Accepting Inconsistency

Following my previous post on things I learned at Bible college about how to have a reasonable discussion, here is another: you need to accept that people are inconsistent.

That is to say, it is entirely possible that someone you are debating with will hold two opinions that you believe cannot logically be held at the same time. In a reasonable discussion, you need to accept that this is so without assuming evil intent. One good reason for doing so is that it’s probably true of you also – no-one currently on earth has a worldview and set of opinions which is entirely self-consistent and logically perfect.

What you should not do is claim that one or both of the views “isn’t really their view”, or that they are lying or dissembling when they claim to hold both. You are, of course, entirely entitled to point out the inconsistency as you see it, and ask them how they reconcile the two positions. It may be that they haven’t noticed the conflict, and this will cause them to think. Or it may be that you haven’t understood their position fully, and after discussion, you agree the two views are actually compatible. Or it may be that your worldviews and base assumptions differ to such an extent that what you believe is logically impossible, they think is logically fine.

The clearest examples are also the most controversial, but to try and illustrate: some people I talk to cannot understand how my beliefs about church leadership are consistent with with my view that everyone is created in the image of God and therefore equally valuable and important. But I, of course, think these views are entirely consistent. And I often cannot understand how the views on human rights espoused by some people I talk to are consistent with with their views on abortion. But they, of course, see no conflict. Regardless, in either direction, it’s not OK for either me or them to make bold statements that the other party is a liar, is debating in bad faith, or is in other ways evil just because, in that party’s opinion, the other person’s set of views is not logically coherent.

2 thoughts on “Accepting Inconsistency

  1. How about a revision to the title:
    “Accepting Inconsistency: Logic and religion are seldom friends”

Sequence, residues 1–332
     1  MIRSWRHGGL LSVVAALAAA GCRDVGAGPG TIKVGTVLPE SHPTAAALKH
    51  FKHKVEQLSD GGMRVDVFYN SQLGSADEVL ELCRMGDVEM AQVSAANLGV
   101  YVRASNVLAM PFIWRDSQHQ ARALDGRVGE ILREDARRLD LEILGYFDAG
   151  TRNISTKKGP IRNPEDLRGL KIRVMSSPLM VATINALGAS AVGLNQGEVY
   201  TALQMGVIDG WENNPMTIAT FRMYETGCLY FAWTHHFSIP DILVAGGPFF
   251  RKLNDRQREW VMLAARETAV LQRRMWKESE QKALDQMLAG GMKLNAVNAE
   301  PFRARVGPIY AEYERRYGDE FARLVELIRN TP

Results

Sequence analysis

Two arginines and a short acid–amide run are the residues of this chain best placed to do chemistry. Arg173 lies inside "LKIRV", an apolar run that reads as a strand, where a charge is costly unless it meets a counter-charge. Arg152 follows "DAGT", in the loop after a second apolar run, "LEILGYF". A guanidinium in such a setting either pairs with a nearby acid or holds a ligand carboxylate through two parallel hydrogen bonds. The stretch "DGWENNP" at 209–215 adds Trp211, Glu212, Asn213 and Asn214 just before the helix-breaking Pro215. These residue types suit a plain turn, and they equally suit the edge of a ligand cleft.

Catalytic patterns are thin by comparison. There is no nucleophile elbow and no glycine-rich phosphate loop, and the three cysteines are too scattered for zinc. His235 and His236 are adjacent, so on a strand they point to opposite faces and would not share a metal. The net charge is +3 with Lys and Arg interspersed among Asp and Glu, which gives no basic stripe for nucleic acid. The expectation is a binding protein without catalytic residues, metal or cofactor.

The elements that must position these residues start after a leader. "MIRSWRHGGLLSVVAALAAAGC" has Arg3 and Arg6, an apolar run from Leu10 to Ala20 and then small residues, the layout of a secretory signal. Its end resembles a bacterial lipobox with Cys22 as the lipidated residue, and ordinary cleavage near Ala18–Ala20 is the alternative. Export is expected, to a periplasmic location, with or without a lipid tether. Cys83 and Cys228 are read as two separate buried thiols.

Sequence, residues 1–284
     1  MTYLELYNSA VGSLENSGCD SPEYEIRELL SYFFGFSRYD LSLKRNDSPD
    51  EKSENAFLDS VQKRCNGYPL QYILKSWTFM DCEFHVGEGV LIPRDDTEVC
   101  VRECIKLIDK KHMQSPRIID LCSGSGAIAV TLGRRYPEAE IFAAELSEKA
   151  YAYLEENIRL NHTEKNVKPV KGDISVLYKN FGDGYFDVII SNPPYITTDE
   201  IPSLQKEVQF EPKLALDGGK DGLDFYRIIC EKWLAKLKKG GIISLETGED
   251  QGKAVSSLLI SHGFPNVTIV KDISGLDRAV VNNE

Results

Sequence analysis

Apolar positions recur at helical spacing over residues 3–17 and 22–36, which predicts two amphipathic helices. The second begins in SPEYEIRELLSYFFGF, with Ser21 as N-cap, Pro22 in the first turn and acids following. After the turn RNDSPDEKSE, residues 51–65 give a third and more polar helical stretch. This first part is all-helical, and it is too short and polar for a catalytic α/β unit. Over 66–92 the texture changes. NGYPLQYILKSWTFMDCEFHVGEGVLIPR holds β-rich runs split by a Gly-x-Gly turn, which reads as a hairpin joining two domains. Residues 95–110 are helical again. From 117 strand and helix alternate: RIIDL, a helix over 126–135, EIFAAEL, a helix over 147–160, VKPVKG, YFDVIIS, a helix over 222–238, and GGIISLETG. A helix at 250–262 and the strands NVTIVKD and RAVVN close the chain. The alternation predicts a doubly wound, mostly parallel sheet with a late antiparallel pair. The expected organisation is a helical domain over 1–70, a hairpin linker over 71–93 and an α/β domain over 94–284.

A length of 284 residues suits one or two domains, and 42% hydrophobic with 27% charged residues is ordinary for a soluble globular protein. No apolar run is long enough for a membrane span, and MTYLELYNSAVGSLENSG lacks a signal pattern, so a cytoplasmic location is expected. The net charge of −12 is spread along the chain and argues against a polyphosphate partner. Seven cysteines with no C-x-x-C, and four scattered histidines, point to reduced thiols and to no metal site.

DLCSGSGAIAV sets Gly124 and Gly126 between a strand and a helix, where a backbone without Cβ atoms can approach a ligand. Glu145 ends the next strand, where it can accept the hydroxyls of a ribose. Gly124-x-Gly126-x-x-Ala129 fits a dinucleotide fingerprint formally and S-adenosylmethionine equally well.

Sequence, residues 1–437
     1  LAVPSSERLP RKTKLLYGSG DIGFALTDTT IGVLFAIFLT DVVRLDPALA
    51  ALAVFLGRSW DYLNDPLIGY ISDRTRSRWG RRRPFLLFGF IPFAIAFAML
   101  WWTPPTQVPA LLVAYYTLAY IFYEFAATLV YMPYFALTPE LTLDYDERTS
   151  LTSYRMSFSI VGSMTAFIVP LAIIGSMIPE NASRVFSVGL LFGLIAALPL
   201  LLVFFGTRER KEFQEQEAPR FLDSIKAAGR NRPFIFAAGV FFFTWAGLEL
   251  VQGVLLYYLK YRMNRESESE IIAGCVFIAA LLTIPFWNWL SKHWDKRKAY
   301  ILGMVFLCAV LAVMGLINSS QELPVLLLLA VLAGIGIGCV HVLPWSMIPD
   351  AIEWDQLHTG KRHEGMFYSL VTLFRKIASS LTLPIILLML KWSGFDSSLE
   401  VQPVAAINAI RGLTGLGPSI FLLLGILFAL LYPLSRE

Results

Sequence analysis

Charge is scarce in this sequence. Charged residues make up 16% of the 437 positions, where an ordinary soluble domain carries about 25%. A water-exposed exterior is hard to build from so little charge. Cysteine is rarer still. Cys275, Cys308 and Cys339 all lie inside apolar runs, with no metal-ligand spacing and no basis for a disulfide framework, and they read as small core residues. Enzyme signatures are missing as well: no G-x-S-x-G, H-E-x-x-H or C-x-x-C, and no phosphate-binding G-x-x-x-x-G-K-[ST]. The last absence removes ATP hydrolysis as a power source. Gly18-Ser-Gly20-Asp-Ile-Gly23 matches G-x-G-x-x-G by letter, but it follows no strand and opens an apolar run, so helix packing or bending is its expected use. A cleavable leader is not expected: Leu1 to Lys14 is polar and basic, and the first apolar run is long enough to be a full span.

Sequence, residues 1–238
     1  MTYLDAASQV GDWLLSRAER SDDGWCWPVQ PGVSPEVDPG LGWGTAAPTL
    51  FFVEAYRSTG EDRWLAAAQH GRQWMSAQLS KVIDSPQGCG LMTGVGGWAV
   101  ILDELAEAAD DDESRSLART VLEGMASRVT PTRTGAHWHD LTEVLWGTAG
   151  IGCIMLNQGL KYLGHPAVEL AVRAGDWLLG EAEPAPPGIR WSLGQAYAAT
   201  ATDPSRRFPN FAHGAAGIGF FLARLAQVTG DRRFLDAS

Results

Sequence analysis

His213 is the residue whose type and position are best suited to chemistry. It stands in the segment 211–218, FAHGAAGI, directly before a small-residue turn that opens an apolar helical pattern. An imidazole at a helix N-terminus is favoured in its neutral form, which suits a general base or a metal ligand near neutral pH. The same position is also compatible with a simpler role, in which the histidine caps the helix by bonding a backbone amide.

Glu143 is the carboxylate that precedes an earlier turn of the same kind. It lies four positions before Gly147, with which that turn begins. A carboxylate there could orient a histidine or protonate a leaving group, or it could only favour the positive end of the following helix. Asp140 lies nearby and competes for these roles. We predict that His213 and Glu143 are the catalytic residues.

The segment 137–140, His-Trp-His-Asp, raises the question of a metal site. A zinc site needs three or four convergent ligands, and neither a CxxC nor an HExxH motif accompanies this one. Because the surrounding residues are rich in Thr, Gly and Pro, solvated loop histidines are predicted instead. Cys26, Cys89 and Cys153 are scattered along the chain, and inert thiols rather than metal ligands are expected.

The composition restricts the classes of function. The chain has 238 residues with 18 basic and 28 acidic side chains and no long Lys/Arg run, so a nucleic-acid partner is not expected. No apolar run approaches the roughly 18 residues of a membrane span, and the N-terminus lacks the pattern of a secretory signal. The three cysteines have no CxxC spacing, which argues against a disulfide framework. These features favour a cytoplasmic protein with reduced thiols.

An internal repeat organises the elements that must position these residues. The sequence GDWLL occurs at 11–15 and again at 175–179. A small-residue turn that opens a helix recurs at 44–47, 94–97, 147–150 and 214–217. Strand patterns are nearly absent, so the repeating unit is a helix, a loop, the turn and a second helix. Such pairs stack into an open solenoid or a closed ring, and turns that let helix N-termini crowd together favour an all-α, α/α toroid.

Belief in any religion at its core requires acceptance of ideas which (by design) can’t be proven. So, mutual agreement between two people with different views isn’t arrived at by sharing facts. (Facts aren’t required) Mutually held opinions (beliefs) are all that matters.

    Logical consistency with physically verifiable truth isn’t a requirement of religion, in fact, it’s the enemy of religion.

    Application of sound principles of logic always ferret out inconsistencies in religious belief, not the other way around. It’s of little use to apply principles of logic to religious belief if you’re uncomfortable accepting any outcome but the one that you already hold dear. If you pursue any question about religion with a logical mindset, you eventually arrive at a point where a belief must be accepted on faith.

    Consider a thought experiment as an example:
    Q: Who is god?
    A: God is our father, the creator, among other things.
    Q: How do I know that?
    A: It says so in the bible.
    Q: Who wrote the bible, can I talk to them?
    A: Prophets who died a long time ago, who saw god.
    Q: How do I know that they saw god?
    A: They wrote it in the bible, and lots of people say so.
    Q: Can I see god to confirm this, is there a way to do the same so I know for sure?
    A: Maybe if you pray hard enough, you can. Or you’ll get a feeling that you can interpret as originating from god, which might be good enough.

    At this point, it’s up to the person to try hard (have faith) and wait for an answer. If they don’t get an answer, they have a couple choices:
    – Accept the idea that god exists, on faith
    – Keep trying (and keep believing in hopes of getting an answer) while holding the possibility in mind that god may or may not exist
    – Consider the experiment unfinished, and likely implicit proof that god isn’t paying attention, that the person themself isn’t worthy of an answer, or that god isn’t there.

  2. Hi Chrod,

    Welcome to my blog :-) I don’t plan to retitle the post as you suggest, because that would give the post a title entirely unrelated to its actual subject matter.

    You say that logic and religion are seldom friends but, as a Christian, my logic training allows me to spot the following logical fallacies in your post: hasty generalisation, straw man, false dichotomy, and (implicitly) the myth of neutrality (not sure that last one has a formal name as a fallacy, but it’s certainly a logical error).

    If the dialogue you postulate reflects your understanding of Christianity (I wouldn’t want to speak for other belief systems, which are very different), then perhaps you need to read my previous post, which talks about understanding someone’s position before you critique it. Because it certainly doesn’t reflect a solid understanding of Christian thought.

    All the best :-)

Leave a Reply

Your email address will not be published. Required fields are marked *